|An old outbuilding near Askrigg.|
As we explored the Yorkshire Dales, we constantly saw barns and outbuildings in decay and disrepair. In the 1930s, James Herriot often worked out in the fields, exposed to freezing temperatures and biting wind. Even when he attended an animal in an outbuilding, many times those structures still allowed the elements inside. In his 1979 book James Herriot’s Yorkshire, he wrote,
“Nowadays the farmers usually bring their bad cases into a shed or barn where the vet can creep thankfully out of that ever present wind and take off his jacket behind a screen of straw bales.”
Even with all the advances in technology, I imagine that today’s farmers are just as busy and stressed as they were in the 1930s or ‘70s. The land and animals must be cared for throughout the year, and financial conditions may require the farmer to periodically gain outside employment while working his farm. So while the number of outbuildings with leaning walls or deteriorating roofs surprised me, it’s certainly understandable that farmers might have to put off such repairs far longer than they would prefer.
|Another outbuilding near Askrigg.|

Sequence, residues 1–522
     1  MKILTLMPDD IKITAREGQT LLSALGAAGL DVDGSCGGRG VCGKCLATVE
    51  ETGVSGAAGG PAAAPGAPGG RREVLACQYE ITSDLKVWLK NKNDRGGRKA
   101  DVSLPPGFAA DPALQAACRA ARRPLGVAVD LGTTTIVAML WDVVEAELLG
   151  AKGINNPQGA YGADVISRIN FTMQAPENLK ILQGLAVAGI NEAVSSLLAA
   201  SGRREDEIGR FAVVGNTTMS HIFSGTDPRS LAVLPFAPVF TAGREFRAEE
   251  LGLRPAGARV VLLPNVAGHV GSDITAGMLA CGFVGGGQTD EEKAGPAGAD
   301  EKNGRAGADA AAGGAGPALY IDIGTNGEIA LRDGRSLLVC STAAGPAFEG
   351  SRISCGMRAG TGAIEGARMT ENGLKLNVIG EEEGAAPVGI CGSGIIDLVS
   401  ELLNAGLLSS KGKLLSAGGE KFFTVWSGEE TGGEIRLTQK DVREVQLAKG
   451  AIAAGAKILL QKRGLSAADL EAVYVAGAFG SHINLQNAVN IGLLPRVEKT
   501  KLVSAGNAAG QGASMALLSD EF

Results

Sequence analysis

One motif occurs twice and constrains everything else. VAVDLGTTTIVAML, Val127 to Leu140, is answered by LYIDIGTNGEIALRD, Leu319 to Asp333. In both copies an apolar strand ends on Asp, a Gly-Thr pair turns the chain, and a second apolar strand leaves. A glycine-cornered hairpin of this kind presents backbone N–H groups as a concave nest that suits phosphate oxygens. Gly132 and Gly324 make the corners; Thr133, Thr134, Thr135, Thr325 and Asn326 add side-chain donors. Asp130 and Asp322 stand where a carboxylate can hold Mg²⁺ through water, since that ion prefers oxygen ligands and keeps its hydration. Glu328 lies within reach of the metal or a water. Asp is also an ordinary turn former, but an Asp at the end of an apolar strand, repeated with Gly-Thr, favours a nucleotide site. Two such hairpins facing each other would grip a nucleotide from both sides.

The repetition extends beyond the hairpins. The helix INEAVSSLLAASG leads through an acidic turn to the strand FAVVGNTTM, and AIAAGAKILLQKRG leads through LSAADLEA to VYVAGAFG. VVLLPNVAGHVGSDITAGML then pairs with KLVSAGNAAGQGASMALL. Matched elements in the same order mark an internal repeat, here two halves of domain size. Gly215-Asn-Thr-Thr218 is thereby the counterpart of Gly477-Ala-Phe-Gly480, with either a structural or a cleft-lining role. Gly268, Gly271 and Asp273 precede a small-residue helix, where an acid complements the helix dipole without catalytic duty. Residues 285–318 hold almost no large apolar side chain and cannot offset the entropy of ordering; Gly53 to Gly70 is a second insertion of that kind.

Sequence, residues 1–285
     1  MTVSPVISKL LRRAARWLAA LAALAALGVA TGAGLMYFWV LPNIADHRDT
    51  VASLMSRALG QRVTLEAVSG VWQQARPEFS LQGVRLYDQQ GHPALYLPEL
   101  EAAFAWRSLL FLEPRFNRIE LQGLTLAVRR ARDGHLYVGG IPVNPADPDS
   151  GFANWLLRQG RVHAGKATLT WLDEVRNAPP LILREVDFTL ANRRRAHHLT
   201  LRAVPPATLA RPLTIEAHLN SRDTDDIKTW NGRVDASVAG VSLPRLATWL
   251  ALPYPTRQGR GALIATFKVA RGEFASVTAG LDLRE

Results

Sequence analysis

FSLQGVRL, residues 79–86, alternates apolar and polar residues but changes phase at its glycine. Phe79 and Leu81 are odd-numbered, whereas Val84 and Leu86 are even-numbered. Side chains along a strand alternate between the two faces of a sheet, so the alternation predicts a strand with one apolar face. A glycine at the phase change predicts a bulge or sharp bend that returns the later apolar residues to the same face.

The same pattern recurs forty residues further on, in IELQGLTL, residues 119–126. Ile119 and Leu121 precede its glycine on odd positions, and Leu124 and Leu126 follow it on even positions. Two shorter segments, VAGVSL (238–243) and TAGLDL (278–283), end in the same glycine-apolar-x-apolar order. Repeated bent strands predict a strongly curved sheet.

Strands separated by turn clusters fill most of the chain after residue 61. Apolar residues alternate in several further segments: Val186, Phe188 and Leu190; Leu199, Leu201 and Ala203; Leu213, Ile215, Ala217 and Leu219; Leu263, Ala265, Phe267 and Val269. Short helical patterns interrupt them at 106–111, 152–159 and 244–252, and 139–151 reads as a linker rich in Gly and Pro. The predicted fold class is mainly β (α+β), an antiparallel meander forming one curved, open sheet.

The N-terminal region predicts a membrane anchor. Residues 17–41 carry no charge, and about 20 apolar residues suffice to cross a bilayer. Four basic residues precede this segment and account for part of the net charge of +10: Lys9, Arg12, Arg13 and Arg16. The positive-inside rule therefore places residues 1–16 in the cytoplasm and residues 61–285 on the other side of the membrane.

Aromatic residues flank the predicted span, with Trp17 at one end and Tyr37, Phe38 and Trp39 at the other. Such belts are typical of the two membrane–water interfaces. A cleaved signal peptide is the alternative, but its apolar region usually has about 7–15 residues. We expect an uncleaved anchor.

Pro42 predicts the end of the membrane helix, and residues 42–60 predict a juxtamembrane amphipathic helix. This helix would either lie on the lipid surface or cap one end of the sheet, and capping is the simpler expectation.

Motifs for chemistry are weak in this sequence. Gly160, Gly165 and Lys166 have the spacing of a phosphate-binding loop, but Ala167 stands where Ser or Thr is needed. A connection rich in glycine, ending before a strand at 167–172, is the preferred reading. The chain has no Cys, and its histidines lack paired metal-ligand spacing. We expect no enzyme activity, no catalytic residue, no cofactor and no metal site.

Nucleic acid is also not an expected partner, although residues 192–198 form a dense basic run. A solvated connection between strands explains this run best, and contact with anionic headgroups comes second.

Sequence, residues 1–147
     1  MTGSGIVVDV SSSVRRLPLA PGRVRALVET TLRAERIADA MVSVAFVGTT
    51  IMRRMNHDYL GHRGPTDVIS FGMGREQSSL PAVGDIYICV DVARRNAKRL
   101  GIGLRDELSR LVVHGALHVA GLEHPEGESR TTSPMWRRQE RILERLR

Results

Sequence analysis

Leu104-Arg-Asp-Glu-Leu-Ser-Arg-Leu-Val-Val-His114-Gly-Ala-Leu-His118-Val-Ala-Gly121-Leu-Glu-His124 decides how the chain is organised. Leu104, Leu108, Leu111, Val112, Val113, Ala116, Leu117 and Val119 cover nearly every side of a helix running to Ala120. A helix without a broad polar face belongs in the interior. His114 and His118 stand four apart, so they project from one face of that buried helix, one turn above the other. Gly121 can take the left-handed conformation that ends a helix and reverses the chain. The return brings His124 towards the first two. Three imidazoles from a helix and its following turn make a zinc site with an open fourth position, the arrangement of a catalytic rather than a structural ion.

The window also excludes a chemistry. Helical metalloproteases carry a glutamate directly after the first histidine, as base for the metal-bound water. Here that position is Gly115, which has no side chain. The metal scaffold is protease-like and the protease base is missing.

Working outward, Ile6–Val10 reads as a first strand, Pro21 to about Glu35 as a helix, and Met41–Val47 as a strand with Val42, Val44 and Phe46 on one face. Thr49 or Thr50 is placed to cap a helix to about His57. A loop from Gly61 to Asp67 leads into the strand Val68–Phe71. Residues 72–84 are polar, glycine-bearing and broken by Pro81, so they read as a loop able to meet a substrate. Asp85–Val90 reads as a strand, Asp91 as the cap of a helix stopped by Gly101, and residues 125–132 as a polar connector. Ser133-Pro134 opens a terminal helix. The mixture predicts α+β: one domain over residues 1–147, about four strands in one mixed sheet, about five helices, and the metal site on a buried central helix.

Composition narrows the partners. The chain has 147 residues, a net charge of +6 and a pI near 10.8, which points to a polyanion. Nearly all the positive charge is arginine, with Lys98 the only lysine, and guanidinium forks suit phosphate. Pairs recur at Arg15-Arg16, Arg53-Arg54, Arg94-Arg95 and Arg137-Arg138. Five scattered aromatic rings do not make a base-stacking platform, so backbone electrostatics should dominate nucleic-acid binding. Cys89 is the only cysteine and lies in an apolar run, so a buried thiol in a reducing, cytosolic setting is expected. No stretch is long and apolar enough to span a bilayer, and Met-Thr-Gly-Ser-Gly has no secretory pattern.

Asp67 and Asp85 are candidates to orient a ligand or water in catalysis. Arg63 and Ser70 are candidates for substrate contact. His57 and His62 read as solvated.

(Note how the elements have attacked the structure
in a similar fashion).
Just like those farmers, life got on top of me a few years ago. Family, health, and other factors led to an accumulation of stuff, and it all had to go somewhere. Much of it ended up in my office. While I tried to manage and organize everything as best I could, I still grew inundated by everything that had to go somewhere. Little of it was related to the writing I actually wanted to conduct in my office. Getting a laptop computer helped, as did using lapboards, and I adapted to working in other spaces.
In the last few weeks, I’ve started fighting my way back into my office. Perhaps this reprioritizing of my time led to blog entries that possessed less than my usual brilliance and insight. (As to the last statement, you, dear reader, are a better judge of that than I). But this week I’ve been able to use the closet I converted many years ago into a writing space. Using my MacBook, instead of that bulky keyboard for my old desktop computer, has made the space even more useful. I’ve even been able to listen to a few albums on my office CD player that got lost amid all the stuff: Bon Jovi’s “100,000,000 Fans Can’t Be Wrong” and The Red Hot Chili Peppers’ “Stadium Arcadium.”
|Reclaiming my former workspace.|
In the coming weeks, I hope to go through more of the piles and boxes, find the lost manuscripts of earlier stories, and see if I can’t refurbish them and submit them to publishers. My office may not be physically located an outbuilding, but like the farmer who has finally gathered the resources to repair and reclaim it, I feel excited by the possibilities ahead. Before me lies a vision of a functional space dedicated to the pursuit of a literary career.
Whatever you need to reorganize and refurbish in pursuing your own life-goals, I wish you similar success.
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